From Macbeth's question to Ross, "Why do you dress me in borrowed robes?" (1.3.108), to Angus's observation that Macbeth's robe "hang[s] loose about him, like a giant's robe / upon a dwarfish thief" (5.2.20-22), William Shakespeare adds this "robe motif" purposely in his Tragedy of Macbeth play, in order to reflect Macbeth's tragic decisions. Falling from "valiant, worthy, and noble thane" (1.2) to "hell hound" (5.8.3) due to his "vaulting ambition" (2.7.27), Macbeth tries to blame others for his mistakes, ultimately, he must take responsibility for his actions. Macbeth is a well liked character, respected by all and held in high regard. Many noblemen think highly of him such as the high ranking captain of a ship stating, "For brave Macbeth (well he deserves that name)... (like valors minion), carved out his passage." (1.2.16-19) Even the king trusts Macbeth, Duncan is even heard saying how Macbeth is an "honored hostess!" (1.6.11) "We love him highly and shall continue our graces toward him." (1.6.28) If the king is friends with him and cares enough to even be a guest in his house, then Macbeth prove to be a presentable character. The whole robe motif begins with Macbeth's question to Ross, "Why do you dress me in borrowed robes?" (1.3.108) This statement is ironic because Macbeth tries to dress himself in "borrowed" robes when he becomes king. Once Macbeth's vision is clouded by the witch's equivocations he quickly takes action and his madness and downfall begins. Banquo warns Macbeth by telling him, "Might yet enkindle you unto the crown, ...to betray's [i]n deepest consequence." (1.3.23-26) His madness soon begins with Duncan's murder with this statement: Is this dagger which I see before me,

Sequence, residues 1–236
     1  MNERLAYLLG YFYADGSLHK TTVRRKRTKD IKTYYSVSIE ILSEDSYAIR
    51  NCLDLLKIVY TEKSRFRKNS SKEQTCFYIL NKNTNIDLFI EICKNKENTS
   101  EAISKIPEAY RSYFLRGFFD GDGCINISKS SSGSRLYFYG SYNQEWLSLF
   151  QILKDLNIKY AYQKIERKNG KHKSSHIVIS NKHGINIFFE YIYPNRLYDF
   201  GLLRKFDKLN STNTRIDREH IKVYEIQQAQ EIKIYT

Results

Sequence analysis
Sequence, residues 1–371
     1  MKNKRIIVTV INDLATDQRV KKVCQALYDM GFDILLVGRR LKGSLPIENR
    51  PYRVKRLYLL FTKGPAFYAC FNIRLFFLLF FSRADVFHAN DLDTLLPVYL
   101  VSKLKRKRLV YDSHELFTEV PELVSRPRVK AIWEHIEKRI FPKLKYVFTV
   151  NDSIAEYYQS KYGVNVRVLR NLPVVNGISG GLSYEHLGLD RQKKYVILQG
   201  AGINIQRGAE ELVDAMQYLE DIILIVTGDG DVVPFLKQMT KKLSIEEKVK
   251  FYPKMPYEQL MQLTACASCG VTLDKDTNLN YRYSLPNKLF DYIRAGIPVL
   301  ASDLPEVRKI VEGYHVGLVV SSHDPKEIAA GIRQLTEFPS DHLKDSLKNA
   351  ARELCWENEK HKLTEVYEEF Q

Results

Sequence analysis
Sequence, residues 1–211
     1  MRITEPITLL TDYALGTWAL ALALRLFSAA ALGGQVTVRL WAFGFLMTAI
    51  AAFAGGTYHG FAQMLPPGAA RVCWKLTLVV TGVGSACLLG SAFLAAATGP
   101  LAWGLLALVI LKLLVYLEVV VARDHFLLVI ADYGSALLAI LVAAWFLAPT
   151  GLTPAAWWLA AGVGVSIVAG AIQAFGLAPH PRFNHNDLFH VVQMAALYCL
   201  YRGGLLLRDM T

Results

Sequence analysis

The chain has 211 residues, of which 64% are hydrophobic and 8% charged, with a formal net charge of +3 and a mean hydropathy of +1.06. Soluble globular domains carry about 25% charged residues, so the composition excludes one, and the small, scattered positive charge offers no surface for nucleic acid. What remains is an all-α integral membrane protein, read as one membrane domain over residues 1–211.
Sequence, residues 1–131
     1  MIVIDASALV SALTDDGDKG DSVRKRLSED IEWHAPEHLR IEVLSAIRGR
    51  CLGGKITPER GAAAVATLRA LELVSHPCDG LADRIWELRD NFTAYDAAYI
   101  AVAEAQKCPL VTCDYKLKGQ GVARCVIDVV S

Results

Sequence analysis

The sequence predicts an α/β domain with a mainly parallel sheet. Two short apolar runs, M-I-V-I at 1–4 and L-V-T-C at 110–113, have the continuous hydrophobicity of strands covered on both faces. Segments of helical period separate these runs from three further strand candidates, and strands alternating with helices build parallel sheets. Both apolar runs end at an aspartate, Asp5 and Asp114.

The handle toward my hand? Come, let me clutch thee! I have thee not, and yet I see thee still.
Art thou not, fatal vision, sensible
to feeling as to sight? Or art but
a dagger of the mind, a...